What is CNC Turning?(titanium nitride coating Frederica)
- source:WEINBERG CNC Machining
How Does CNC Turning Work?
In CNC turning, the workpiece is held in a chuck or between centers and rotated against a stationary cutting tool. The cutting tool moves in linear or circular motions controlled by CNC to remove material from the workpiece and create the desired features and dimensions.
The CNC turning process utilizes a CNC lathe that consists of the following key components:
- Machine bed: Provides a rigid frame to support all machine components. Made of cast iron or welded steel construction.
- Headstock: Holds the spindle which spins the workpiece. Powered by an electric motor with variable speed control.
- Chuck: Grips and centers the workpiece for turning operations. Can be a 3-jaw or 4-jaw chuck.
- Tailstock: Supports the free end of the workpiece with a center or live center. Can be adjusted to accommodate different length workpieces.
- Tool turret: Holds multiple cutting tools and indexes them into the cutting position. Allows for automatic tool changes.
- Tool post: Holds a single cutting tool rigidly for turning operations. Manual tool changes required.
- CNC control system: Controls all machine movements and functions via programmed commands. Converts CNC code into electrical signals to drive machine axes.
The operator loads the workpiece into the chuck and enters the CNC program into the control system. The CNC code defines the machining sequence, tool paths, cutting speeds, feed rates, depth of cuts, and other parameters.
As the program runs, the turret indexes tools as needed and the control system maneuvers the tool along the programmed axes to cut the workpiece. Coolant is applied to control heat and flush away metal chips. Once complete, the finished part is unloaded.
Key CNC Turning Operations
CNC turning centers can perform various turning operations to produce precision parts. Common CNC turning operations include:
- Facing: Machining the face of the workpiece to provide a flat reference surface.
- OD (Outside Diameter) Turning: Machining the external surface of the workpiece to reduce diameter and create the required OD.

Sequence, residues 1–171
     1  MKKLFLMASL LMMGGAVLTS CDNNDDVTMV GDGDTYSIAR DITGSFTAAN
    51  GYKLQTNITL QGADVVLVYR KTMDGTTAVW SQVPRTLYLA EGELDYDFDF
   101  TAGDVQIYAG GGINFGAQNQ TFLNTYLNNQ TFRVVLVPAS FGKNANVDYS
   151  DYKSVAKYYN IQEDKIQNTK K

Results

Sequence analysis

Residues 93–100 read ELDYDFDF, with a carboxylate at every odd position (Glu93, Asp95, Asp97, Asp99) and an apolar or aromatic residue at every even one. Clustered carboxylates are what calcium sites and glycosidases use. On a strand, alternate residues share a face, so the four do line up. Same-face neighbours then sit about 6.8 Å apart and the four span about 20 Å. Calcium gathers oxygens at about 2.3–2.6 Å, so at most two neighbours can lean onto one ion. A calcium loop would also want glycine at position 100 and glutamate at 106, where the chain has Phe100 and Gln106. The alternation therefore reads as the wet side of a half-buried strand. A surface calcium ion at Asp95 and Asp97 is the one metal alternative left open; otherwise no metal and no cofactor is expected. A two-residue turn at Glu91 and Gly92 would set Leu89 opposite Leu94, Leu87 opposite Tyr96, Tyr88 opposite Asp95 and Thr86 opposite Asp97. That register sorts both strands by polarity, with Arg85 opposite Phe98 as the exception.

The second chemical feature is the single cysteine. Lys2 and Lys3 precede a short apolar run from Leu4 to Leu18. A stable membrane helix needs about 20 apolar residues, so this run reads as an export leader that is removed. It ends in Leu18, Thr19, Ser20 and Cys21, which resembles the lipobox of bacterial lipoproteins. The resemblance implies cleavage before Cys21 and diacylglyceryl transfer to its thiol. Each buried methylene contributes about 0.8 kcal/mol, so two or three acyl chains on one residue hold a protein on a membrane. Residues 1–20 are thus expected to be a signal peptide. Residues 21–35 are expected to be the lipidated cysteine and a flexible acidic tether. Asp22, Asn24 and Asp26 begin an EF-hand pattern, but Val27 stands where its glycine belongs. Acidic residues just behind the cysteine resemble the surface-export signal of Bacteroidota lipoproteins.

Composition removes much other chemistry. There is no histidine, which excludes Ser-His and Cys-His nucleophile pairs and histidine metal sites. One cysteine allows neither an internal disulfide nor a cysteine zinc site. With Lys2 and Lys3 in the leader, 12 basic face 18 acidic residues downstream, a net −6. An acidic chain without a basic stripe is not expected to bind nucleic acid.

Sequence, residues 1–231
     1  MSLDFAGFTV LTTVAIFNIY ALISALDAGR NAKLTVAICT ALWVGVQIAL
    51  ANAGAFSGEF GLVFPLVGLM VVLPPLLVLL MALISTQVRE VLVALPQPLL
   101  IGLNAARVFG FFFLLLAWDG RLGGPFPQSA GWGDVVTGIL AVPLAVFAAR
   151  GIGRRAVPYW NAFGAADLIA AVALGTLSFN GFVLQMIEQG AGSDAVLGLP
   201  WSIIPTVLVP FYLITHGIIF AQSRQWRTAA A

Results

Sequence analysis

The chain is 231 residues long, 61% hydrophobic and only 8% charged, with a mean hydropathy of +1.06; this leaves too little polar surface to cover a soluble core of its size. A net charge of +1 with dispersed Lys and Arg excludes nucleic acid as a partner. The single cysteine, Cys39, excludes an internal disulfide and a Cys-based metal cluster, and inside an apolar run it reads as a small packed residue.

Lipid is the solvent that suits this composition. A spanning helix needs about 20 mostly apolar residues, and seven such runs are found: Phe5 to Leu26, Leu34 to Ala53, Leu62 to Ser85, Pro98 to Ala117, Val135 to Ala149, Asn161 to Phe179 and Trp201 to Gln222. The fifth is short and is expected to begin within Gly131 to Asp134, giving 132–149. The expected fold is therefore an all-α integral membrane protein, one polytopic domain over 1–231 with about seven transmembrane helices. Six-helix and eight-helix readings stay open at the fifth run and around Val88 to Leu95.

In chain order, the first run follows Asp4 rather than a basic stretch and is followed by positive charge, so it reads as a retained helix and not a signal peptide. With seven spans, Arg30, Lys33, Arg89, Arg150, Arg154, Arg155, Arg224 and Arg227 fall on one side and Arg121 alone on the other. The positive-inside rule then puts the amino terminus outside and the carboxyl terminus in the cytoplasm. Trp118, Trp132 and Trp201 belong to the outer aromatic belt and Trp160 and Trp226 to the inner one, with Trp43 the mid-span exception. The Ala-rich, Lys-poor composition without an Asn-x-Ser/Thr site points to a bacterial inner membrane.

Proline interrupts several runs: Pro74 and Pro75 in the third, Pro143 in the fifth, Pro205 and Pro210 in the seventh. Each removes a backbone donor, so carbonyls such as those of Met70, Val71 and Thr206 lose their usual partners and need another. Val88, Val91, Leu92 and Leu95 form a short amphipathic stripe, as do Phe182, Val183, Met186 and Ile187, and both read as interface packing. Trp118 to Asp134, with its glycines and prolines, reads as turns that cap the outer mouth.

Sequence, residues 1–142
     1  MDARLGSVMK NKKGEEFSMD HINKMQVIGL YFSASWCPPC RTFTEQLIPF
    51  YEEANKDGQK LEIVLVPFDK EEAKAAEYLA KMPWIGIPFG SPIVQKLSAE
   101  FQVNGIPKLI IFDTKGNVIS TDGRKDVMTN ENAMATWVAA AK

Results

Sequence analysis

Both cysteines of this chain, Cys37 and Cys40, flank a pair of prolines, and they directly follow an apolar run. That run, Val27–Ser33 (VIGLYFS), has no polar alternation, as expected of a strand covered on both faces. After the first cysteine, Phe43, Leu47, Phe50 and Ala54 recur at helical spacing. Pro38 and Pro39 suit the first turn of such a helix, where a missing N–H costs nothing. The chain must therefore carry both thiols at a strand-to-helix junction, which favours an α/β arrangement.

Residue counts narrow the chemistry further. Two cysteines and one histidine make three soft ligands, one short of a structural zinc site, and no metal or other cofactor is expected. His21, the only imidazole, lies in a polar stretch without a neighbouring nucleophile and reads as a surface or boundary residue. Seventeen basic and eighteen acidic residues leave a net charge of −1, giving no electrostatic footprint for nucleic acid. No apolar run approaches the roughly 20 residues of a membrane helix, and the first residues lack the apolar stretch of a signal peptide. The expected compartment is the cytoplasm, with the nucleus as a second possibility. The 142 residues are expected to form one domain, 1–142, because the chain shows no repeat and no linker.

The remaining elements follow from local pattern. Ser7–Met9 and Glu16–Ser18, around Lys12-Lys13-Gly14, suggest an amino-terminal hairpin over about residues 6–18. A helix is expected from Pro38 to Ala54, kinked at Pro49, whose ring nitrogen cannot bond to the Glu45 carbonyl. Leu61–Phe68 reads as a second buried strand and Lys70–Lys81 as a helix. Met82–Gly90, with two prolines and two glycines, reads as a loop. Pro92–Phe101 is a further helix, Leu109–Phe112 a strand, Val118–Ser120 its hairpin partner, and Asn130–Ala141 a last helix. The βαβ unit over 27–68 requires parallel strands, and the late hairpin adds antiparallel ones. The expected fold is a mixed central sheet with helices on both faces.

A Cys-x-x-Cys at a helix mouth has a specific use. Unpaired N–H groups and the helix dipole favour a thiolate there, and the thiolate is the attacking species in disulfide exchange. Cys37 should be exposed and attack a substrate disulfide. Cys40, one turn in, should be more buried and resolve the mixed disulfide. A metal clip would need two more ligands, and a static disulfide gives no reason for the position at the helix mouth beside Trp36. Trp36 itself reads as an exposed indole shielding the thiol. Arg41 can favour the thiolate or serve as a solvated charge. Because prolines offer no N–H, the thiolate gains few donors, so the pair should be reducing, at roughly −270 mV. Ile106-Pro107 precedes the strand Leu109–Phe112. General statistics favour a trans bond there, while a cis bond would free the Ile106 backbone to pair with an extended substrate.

- ID (Inside Diameter) Turning: Machining internal bores and holes to precise diameters and forms.
- Taper Turning: Machining external or internal tapers using the compound slide.
- Grooving: Cutting grooves of various widths and depths in the OD or face.
- Threading: Single-point or tapping to cut external and internal threads.
- Drilling: Drilling center holes or cross holes in the workpiece.
- Boring: Enlarging and smoothing existing holes to accurate sizes.
- Knurling: Squeezing material to form cross-hatched patterns on the OD to create a textured gripping surface.
- Parting/Cutoff: Cutting workpieces from bar stock or parting finished parts off.
Benefits of CNC Turning
CNC turning offers many benefits over manual turning:
- Higher Accuracy and Repeatability: CNC ensures precision cutting to tight tolerances repeatedly. Reduces scrap rates.
- Faster Cycle Times: CNC performs faster, more efficient machining than manual methods.
- Improved Surface Finishes: Programmable speeds/feeds and rigid setups provide better surface finishes.
- Lower Operator Labor: CNC is highly automated so less operator time is required. One operator can run multiple machines.
- Reduced Tooling Costs: Tool changes are quick and easy so a single tool can handle multiple operations.
- Increased Complexity: CNC can produce complex profiles unachievable manually. Complete parts in single setups.
- Safer Operation: Removes operator from direct contact with cutting. Reduces manual handling of parts.
- Reliable and Consistent: CNC eliminates variability between operators and manual processes.
- Flexible Production: Quick changeovers between jobs. CNC programs can be stored and reused.
When to Use CNC Turning
CNC turning is ideal for producing parts that require:
- High-volume production with consistency and fast cycle times
- Precision dimensional accuracy and tight tolerances
- Excellent surface finish quality
- Complex profiles and contours
- Parts not suitable for mass production by other processes
Common CNC Turned Parts
CNC lathes are commonly used to machine parts such as:
- Engine components (pistons, camshafts, crankshafts)
- Drive shafts and couplings
- Rollers and pulleys
- Gears and sprockets
- Axles and spindles
- Wheels and hubs
- Fasteners and screws
- Valves, fittings, and nozzles
- Sleeves and bushings
- Automotive and aerospace components
- And many others!
CNC Turning Materials
CNC lathes can machine a wide range of materials, including: